MakerKids' CEO explains how the brand stands out from the competition.
1851: What was it that drew you into franchising?
Jennifer Turliuk, CEO of MakerKids: Year over year, we see more demand for programs like MakerKids and the impact we are making is phenomenal, from kids improving their school grades to making new friends. We want to reach as many kids as possible and make our programs accessible.
1851: What do you do to help your brand stand out from the competition?
Turliuk: There are several other kids after school programs and many moving into the digital and tech arena. What makes us really stand out is MakerKids gets results. Past graduates have started businesses, been featured on national TV and have taken leadership positions in and outside of school. One of the ways we do that is through incorporating a full set of skills in our programs, that are not just technical skills. We work on 21st-century skills like confidence, resilience and creativity. This allows kids to take it a step further and truly becoming innovators and entrepreneurs. We don’t see many other companies doing this.
I think this is one of the reasons we recently won the NextGen in Franchising competition at the International Franchise Association, from over 400 entrants.
1851: How did you get in the role you’re in now?
Turliuk: When I was 12 years old, one of my enrichment assignments was to create a website for a book report. I completed the assignment and put it aside. Little did I know, it had received hundreds of thousands of views! I was a fairly introverted child and faced bullying. However, this project was a transformative and empowering moment for me. I saw I could create something amazing and something that other people enjoyed as well. At MakerKids, we aim to give kids an opportunity for a transformation, self-discovery and to become creators not consumers.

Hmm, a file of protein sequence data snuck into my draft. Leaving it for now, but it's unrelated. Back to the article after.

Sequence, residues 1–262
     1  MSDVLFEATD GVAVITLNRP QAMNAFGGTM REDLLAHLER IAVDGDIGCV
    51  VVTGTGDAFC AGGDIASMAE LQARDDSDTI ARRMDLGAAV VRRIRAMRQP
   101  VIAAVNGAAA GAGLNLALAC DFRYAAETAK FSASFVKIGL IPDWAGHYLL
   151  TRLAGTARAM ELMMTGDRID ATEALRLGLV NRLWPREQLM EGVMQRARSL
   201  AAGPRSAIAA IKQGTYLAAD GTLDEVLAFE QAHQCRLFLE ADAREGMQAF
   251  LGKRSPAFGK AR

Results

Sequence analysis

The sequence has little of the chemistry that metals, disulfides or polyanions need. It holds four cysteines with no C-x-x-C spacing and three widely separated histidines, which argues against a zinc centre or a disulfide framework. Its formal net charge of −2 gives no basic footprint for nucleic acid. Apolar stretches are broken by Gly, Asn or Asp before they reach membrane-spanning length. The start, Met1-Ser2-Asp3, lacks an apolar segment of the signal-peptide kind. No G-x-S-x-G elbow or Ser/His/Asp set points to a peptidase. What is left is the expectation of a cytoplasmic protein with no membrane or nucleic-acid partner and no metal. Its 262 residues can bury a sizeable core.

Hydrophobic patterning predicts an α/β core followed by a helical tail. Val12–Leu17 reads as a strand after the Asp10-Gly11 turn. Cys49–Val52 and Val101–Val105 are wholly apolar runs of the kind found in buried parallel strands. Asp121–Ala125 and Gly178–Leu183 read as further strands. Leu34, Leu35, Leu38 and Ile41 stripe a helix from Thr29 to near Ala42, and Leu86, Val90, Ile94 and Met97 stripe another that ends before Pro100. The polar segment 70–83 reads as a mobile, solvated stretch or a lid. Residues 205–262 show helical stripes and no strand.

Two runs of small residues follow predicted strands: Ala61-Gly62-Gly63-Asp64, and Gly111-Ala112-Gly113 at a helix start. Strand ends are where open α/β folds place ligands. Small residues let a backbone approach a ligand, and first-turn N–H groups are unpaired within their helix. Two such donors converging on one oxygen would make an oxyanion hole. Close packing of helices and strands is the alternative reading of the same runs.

Soon after, I went to university and was accepted to a prestigious Graduate Studies Program based at NASA called Singularity University, where we learned about exponential technologies such as 3D printing and robotics and how to apply them to education.
1851: What advice would you give to other young up-and-comers?
Turliuk: For anyone starting a new business or for those just igniting an idea, I would advise to embrace it! Leap in and take risks in something you believe in. A lot of experimentation, testing and thinking out of the box will help you find your advantage and propel your company forward.
1851: What are some things you like to do in your spare time?
Turliuk: I enjoy a range of activities. It’s important to step outside your comfort zone, try new things and learn from those that are more experienced than you. This may include creative writing, improv, connecting with other entrepreneurs and reading books from other experts. We encourage our staff to do the same as well.